However, BMW is still persistant in using inline-6. Inline-6 engine is not only smoother but also more energy efficient since it has half the number of camshafts, cam drives and variable cam phasers compared with V6. With only one cylinder bank and one cylinder head, it is also quicker to warm up, thus is easier to meet cold-start emission requirements. Besides, the fewer components lead to lower production costs, even though it employs 3 more main bearings.
Moreover, inline-6 can be built as a modular family together with inline-4 or even inline-3 to slash production costs further. For example, BMW's B58 inline-6, B48 inline-4 and B38 inline-3 share the same architecture with 82 mm bore and 94.6 mm stroke, so they could be machined from the same toolings as well as easily fitted with the same components like Double Vanos and Valvetronic. This saves a lot of production and development costs.
The inline-six/four modular family concept also attracted Mercedes to resurrect its traditional straight-six engine, which has been abandoned in the past 20 years. Under the trend of engine downsizing, Mercedes' V8 becomes a niche offering thus it would be wiser to group the six-cylinder into the four-cylinder family to enhance economy of scale. Inline-6 is on the way back.
Nearly all production V8s are 90°. There are very few exceptions, such as the 60-degree 3.4-litre V8 of Ford Taurus SHO (which was derived from Ford's 2.5-litre 60-degree V6) and TVR's 75-degree AJP8, but they do not achieve good balance like 90° V8s.
Not all 90-degree V8s have the same crankshaft configuration. Most of them employ "cross-plane" crankshaft, including most American V8s and all luxury car V8s. Some exotic sports cars, such as Ferrari V8 series, Lotus Espirt V8, McLaren's V8, Porsche 918 Spyder and Ford Mustang GT350, employ "flat-plane" crankshaft.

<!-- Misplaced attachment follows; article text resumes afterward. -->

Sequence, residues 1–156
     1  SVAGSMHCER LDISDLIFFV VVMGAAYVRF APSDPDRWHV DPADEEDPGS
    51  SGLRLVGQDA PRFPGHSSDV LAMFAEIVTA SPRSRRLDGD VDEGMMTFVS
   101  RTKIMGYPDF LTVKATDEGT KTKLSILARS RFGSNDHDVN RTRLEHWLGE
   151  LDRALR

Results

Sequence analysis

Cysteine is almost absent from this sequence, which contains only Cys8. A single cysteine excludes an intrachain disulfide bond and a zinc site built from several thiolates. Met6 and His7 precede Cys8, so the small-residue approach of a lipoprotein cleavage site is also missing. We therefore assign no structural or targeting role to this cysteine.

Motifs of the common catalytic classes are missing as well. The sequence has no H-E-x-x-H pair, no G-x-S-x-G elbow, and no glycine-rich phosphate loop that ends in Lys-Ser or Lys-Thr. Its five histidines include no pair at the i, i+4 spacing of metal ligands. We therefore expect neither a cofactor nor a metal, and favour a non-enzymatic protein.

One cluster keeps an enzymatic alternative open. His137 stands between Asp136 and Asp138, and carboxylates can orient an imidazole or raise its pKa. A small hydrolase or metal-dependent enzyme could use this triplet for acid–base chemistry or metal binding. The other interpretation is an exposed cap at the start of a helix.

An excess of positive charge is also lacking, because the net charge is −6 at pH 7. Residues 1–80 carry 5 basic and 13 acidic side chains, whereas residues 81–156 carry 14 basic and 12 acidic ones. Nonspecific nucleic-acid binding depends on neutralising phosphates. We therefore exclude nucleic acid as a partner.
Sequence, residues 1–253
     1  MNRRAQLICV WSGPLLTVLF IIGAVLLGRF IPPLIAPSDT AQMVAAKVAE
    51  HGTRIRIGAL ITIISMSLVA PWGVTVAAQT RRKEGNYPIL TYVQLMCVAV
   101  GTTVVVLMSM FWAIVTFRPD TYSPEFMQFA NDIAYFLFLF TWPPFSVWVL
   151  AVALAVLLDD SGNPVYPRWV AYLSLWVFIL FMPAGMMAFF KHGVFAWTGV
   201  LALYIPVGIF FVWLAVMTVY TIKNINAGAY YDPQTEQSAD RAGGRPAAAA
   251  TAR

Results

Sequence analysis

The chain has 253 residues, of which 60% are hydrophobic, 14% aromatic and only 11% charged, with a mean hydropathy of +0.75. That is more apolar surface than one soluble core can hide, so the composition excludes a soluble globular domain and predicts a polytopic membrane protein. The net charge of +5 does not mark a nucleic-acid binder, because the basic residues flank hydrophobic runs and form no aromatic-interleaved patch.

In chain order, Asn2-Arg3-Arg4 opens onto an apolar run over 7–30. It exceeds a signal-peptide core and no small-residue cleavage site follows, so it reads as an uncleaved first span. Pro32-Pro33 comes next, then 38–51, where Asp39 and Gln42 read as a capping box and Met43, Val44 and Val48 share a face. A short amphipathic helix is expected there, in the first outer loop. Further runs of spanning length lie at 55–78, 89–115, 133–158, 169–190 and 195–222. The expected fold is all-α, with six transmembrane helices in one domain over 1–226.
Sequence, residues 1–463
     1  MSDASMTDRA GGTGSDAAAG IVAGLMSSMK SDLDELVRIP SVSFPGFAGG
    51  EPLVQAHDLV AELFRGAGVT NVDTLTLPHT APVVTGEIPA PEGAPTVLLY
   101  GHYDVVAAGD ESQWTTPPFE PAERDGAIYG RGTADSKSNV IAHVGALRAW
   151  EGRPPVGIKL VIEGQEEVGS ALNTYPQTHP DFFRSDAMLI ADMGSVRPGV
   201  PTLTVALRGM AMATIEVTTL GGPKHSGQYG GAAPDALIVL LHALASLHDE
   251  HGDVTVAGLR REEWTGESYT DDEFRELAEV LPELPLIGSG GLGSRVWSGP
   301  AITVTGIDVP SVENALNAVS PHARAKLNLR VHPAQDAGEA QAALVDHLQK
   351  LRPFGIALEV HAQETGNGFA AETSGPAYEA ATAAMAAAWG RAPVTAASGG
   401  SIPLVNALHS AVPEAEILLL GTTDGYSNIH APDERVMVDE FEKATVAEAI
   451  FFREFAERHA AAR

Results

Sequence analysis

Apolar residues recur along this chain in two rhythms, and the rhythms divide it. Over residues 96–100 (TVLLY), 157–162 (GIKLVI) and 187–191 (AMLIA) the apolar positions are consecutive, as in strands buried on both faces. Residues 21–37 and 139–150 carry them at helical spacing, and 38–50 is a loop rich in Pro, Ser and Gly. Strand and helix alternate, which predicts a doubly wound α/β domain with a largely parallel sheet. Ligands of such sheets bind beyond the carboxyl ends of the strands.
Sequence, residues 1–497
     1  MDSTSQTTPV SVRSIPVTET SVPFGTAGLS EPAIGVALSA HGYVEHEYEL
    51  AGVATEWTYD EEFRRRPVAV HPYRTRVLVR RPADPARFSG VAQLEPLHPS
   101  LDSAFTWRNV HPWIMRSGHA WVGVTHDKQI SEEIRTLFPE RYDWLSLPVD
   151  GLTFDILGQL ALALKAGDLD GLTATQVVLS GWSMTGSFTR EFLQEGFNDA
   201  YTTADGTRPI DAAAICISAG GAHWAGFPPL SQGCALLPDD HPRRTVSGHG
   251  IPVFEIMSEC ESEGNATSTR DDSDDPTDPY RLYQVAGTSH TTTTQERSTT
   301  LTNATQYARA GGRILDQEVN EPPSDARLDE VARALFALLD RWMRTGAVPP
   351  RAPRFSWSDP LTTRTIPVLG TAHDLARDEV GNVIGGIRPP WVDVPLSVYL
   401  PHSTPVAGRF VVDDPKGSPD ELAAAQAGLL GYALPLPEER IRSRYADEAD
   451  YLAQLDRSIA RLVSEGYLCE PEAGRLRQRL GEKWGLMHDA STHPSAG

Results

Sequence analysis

No matter which kinds, they have 5 main bearings. A cylinder in bank A shares the same crank pin with the corresponding cylinder in bank B, therefore the crankshaft of V8 is actually simpler than that of V6. Both V8s generate no vibration in vertical and transverse directions or between bank and bank.
However, for cross-plane V8s, there is vibration from end to end of the engine. This is because the first piston of bank A is not in the same position as the last piston of bank A (the same goes for bank B), unlike the case of an inline-4.
Never mind, the 90° V8 has this problem resolved by using a heavy counter weight at each cylinder. The counter weight is heavy enough to balance the weight of crank throw, con-rod and piston of that cylinder, thus cancelling all vibrations.
Now you must be wondering why such counter weight is not used in other engine configurations. It is because this counter weight must be used in 90° V-type engines with shared crank pins. From our previous study, you can see only V8 fulfills all these requirements. Why are there such requirements? Good question. As you know, all engines have counter weights just enough to balance the weight of crank throws and part of the connecting rods, leaving the remaining weight of connecting rods and the whole, all-important pistons unbalanced. This is because the rotating counter weight can balance only rotating mass. Unfortunately, the piston moves vertically rather than rotates about the crankshaft. To a large extent the connecting rod is also the same (its center of gravity moves in elliptic path). If we insist to use heavy counter weight, it will cause side -to-side shake.
Considering the illustration on right hand side, assuming the counter weight in vertical position is heavy enough to balance the crank throw, con-rod and piston. When the crankshaft rotates 90° counter-clockwise, the counter weight is repositioned to the right, but the piston doesn’t go to the left, and the con-rod just partially moves to the left. Only the crank pin moves completely to the left. Now you can see the system is not balanced. The counter weight will generate a net force towards the right.